In choosing between possible inhibitors, the simplest tests should be done first to screen out unsuitable candidates. The philosophy of initial screening tests should be that poorly performing candidates are not carried forward. An inhibitor that does poorly in early screening tests might actually do well in the actual system, but the user seldom has the resources to test all possible inhibitors. The inhibitor user must employ test procedures that rigorously exclude inferior inhibitors even though some good inhibitors are excluded. (reference)
Inhibitor selection begins with the choice of physical properties. Must the inhibitor be a solid or liquid? Are melting and freezing points of importance? Is degradation with time and temperature critical? Must it be compatible with other system additives? Are specific solubility characteristics required? This list can be extensive, but is important because it defines the domain of possible inhibitors. It must be the first step of the inhibitor evaluation for any new system. These physical measurements are those routinely done as part of minimal quality acceptance testing.
The challenge in inhibitor evaluation is design of experiments that simulate the conditions of the real world system. The variables that must be considered include temperature, pressure, and velocity as well as metal properties and corrosive environment chemistry. System corrosion failures are usually localized and attributed to micro conditions at the failure site. Adequate testing must include the most severe conditions that can occur in the system and not be limited to macro or average conditions. Examples of micro environments are hot spots in heat exchangers and highly turbulent flow at weld beads.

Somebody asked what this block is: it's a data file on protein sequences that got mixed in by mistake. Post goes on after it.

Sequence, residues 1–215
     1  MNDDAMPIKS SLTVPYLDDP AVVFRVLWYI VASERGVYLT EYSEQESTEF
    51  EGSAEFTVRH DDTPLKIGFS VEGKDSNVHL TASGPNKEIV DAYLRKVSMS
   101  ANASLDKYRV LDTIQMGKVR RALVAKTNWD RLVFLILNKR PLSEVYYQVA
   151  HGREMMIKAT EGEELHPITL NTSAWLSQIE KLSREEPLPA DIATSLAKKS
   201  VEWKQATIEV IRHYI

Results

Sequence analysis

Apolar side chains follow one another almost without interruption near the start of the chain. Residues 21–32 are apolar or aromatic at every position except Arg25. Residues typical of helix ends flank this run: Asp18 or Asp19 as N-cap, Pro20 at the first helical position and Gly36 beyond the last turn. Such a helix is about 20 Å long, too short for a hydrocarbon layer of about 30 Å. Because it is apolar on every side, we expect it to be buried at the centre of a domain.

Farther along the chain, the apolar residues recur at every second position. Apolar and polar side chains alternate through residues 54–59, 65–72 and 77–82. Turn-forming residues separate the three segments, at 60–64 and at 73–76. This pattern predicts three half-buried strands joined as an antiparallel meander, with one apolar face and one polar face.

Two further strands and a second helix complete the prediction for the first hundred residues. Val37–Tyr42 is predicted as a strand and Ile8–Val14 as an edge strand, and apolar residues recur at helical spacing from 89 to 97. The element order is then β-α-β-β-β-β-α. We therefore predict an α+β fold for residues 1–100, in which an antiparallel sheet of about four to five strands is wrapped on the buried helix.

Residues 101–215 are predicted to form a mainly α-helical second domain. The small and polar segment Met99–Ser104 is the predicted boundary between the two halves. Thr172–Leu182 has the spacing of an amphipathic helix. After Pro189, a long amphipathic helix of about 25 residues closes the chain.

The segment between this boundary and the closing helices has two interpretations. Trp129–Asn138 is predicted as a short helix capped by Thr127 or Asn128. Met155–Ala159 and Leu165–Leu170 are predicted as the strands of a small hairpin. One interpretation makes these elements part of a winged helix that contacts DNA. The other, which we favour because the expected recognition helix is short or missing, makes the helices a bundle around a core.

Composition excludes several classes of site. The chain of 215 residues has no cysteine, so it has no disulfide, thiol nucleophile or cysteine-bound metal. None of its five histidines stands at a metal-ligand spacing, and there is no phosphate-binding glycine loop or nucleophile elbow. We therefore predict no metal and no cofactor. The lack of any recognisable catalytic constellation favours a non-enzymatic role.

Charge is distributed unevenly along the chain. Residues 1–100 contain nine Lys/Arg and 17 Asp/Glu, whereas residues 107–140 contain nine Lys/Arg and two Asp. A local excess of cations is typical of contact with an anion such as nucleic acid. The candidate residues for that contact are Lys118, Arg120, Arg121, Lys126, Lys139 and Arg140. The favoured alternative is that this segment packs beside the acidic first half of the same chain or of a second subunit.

Test specimens should be the same metal as that to be protected; even very small differences in metal chemistry can make major differences in inhibitor performance. Inhibitor performance can vary greatly on different metals and thus inhibitor rankings based on one metal are not universal. Much less obvious are differences between the "same" metal. These nonchemical differences include grain size and orientation, residual stresses, and surface condition. Surface preparation should, to the extent possible, provide a surface comparable to that in the system that is being modeled. Except in special tests, minimal cleaning includes a solvent wash to degrease the sample. More vigorous cleaning such as bead blasting or acid activation can markedly affect inhibitor response even while improving reproducibility of tests. Many experimenters activate test specimens in acid when doing electrochemical measurements. The purpose is to remove any protective or passive oxide layer so that metal solution equilibrium is reached rapidly. Methods for preparing specimens can be found in ASTM G 1, Practice for Preparing, Cleaning, and Evaluating Corrosion Test Specimens.
Corrosion inhibitors are generally described by terms such as oil soluble, water soluble, oil soluble-water dispersible, etc. Such terms are generalizations, not rigorous descriptions. An oil soluble inhibitor, for example, in reality partitions between the liquid hydrocarbon phase and the water phase as do all other inhibitors; all that can be assumed is that it likely partitions more to the oil phase.